Walt Mossberg

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Mossberg’s Mailbox

IPod Workarounds

There’s no other major item most of us own that is as confusing, unpredictable and unreliable as our personal computers. Everybody has questions about them, and we aim to help.

Here are a few questions about computers I’ve received recently from people like you, and my answers. I have edited and restated the questions a bit, for readability. This week my mailbox contained questions about performing iPod workarounds, viruses and spyware for Macs with Intel processors and using multiple firewalls.

If you have a question, send it to me at mossberg@wsj.com, and I may select it to be answered here in Mossberg’s Mailbox.


Last week, you recommended using add-on software to allow the copying of music from an iPod to a PC, and the creation of multiple music libraries in iTunes. Aren’t there ways to do these tasks without extra software?

Yes, and many readers wrote to remind me of them. I knew about them, but I didn’t mention them because they have drawbacks and may not be easy for nontechnical users.

It’s possible to use an iPod to copy all your music to a second computer if you enable the iPod for use as a disk, then go into Windows Explorer or the Macintosh Finder and copy all your music files to the portion of your iPod’s disk that shows up as an open drive. This “drive” is whatever part of your iPod’s hard disk that’s available after you load it with music using the iTunes software. Then, you can reverse the process on the second computer.

The trouble with this method is that it assumes a fair knowledge of your computer’s file system, and it only works if the iPod has enough free space to hold two complete copies of your music library (or you are willing to perform the procedure multiple times). Also, unlike many of the utility programs for copying music from an iPod, this method can’t synchronize the transferred music with iTunes.

You can create multiple iTunes music libraries on a shared computer, either Windows or Mac if you set up separate log-ins, or user accounts, for each iPod owner who uses the computer. However, this approach requires you to switch accounts every time you want to sync a different iPod, changing the whole layout of the machine. And, unless you are a sophisticated user, you may need to store duplicate copies of any songs multiple users want to include in their libraries.

So, I stand by my suggestion that until Apple adds these functions, the best way to carry them out is by using add-on software. It’s simple, and it works. In general, I prefer simple, direct utility programs to work-around methods that require more knowledge of the computer than many average users possess.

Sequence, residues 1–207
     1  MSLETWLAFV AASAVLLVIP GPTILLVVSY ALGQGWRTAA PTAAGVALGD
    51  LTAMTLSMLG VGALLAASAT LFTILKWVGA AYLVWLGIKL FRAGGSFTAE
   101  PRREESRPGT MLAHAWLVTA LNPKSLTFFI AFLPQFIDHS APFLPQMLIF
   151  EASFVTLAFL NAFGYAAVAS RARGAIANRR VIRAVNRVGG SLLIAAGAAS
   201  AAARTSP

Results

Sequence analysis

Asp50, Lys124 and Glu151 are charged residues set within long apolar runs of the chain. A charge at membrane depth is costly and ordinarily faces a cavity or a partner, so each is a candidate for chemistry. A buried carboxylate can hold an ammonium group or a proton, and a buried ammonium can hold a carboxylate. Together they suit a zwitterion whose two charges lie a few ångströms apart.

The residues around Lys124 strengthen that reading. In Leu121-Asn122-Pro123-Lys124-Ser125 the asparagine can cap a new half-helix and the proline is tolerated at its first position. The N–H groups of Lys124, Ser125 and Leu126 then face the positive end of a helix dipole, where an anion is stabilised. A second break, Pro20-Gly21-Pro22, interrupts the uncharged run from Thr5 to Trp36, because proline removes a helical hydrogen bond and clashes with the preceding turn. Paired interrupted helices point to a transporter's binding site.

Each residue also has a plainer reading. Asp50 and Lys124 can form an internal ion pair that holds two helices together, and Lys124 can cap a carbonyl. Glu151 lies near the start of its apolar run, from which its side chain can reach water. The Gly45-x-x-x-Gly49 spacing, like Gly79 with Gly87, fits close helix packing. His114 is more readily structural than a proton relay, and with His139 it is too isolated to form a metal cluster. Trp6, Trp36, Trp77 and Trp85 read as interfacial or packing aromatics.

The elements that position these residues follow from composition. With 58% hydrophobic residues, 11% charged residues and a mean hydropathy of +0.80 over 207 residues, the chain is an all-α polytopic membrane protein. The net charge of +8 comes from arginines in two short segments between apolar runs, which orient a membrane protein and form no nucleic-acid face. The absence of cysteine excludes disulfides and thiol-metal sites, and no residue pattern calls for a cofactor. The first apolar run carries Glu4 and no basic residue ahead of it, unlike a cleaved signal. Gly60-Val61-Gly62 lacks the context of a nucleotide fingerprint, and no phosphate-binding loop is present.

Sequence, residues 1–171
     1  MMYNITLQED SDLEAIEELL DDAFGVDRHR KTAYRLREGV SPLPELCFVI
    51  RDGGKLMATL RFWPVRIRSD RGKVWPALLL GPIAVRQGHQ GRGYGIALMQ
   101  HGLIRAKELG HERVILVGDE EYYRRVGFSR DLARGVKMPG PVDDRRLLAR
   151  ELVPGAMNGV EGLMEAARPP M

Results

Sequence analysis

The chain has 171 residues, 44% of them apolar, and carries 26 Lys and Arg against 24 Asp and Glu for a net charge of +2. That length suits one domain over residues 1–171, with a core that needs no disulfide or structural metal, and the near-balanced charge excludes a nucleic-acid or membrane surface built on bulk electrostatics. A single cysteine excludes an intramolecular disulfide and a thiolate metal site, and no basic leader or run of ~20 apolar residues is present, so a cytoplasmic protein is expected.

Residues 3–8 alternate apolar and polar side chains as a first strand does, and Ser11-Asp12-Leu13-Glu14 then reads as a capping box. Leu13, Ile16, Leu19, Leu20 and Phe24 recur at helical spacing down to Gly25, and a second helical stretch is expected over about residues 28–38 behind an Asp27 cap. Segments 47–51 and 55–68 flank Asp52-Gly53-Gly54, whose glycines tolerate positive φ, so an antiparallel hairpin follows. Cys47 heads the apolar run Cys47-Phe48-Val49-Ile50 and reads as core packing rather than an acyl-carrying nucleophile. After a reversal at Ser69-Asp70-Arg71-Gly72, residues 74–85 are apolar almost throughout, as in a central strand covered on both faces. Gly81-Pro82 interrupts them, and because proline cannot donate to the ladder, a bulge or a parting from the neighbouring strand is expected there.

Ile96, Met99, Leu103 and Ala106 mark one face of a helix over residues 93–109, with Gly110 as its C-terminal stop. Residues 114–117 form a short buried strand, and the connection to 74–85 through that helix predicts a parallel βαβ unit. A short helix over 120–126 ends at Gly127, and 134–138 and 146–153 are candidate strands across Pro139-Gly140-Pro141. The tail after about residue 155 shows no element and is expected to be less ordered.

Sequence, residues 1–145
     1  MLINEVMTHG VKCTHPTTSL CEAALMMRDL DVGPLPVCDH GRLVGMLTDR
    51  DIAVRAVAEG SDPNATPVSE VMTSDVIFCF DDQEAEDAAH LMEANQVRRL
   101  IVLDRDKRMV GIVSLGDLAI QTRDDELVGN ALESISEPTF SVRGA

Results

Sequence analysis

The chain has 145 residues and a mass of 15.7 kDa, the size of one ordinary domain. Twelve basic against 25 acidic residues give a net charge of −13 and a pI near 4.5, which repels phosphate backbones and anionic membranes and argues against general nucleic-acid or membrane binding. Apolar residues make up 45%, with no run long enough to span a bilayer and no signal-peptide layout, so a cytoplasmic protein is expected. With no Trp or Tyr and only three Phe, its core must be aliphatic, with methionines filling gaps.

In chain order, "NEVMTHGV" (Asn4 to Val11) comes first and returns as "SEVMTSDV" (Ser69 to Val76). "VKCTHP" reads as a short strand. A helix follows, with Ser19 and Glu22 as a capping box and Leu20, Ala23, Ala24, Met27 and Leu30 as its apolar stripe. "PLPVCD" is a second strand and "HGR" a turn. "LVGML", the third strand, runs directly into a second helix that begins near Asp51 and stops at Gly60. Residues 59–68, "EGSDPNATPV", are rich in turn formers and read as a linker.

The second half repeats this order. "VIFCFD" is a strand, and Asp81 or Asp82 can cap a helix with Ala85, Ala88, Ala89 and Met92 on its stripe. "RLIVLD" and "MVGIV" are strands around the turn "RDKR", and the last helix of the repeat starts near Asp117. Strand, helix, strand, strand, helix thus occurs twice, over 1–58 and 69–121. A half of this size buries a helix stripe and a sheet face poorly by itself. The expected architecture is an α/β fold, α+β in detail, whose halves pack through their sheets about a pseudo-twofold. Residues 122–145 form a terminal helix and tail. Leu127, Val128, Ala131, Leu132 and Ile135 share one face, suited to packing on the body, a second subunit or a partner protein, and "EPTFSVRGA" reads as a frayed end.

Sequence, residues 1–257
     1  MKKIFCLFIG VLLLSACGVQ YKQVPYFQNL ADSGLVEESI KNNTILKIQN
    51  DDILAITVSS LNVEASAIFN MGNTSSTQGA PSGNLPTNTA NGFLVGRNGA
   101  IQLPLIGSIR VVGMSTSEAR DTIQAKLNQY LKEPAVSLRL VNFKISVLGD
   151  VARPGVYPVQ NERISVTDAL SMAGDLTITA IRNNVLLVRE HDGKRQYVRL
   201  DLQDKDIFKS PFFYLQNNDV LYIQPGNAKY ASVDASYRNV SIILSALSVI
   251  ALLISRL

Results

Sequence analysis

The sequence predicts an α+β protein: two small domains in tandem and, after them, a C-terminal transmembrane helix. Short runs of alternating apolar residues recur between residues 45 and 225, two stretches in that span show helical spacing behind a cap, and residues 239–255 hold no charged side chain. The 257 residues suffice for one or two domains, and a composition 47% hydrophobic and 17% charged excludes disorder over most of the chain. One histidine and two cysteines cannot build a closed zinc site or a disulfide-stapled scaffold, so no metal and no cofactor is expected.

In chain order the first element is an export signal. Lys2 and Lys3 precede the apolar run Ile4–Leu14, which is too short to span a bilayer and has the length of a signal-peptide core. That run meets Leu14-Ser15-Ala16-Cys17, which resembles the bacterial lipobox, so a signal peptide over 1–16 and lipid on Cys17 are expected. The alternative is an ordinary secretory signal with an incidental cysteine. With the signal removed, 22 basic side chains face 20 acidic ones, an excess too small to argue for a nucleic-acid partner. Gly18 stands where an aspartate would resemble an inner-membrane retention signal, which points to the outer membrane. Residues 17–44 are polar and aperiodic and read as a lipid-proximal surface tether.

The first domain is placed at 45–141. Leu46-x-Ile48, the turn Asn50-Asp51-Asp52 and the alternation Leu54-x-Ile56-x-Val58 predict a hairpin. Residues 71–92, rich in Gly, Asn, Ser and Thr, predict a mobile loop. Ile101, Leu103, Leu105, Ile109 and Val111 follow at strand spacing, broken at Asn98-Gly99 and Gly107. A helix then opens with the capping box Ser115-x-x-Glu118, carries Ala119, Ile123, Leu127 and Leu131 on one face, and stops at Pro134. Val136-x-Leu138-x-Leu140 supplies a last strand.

Now that Apple is building new Macs with the same Intel chips used in Windows PCs, will the Macs become vulnerable to the viruses and spyware that attack Windows computers?

Viruses and spyware are written to work in a specific operating system, not on a particular processor or chip. In the consumer market, all known successful viruses and spyware programs — tens of thousands of them — are written to work in Windows. So far, there have been zero reported viruses and spyware programs, outside of the lab, that run on the Apple operating system, called Mac OS X. Apple is continuing to use Mac OS X on the new Intel-powered models. Windows viruses and spyware can’t run in this Mac operating system — even if you download them — regardless of which chip Apple uses under the hood.

I assume somebody will eventually write a few viruses or spyware programs that can penetrate the Mac operating system, if only to say he or she has done so. But that has nothing to do with Intel chips. And, even then, security should remain a minor issue for Mac users.

There is one exception to this scenario. The use of Intel processors may make it easy, for the first time ever, to run Windows on a Mac. If that happens, then the machines would be vulnerable to Windows viruses and spyware — but only if and when you run Windows on them.

I use Norton Internet security 2005 and have its firewall turned on. Can I also, at the same time, use the firewall that comes with Windows XP?

I don’t recommend running multiple firewall software. Doing so is unlikely to give you extra protection, and the firewalls can clash with each other. For instance, each firewall may keep different lists of what kinds of outbound Internet connections to allow, and may treat incoming traffic differently.

* * *

Because of the volume of e-mail I receive, I can’t routinely answer individual questions by e-mail, or consult on individual problems or purchasing decisions. I read all questions I receive and select three each week to answer in the column.

Write to Walter S. Mossberg at mossberg@wsj.com


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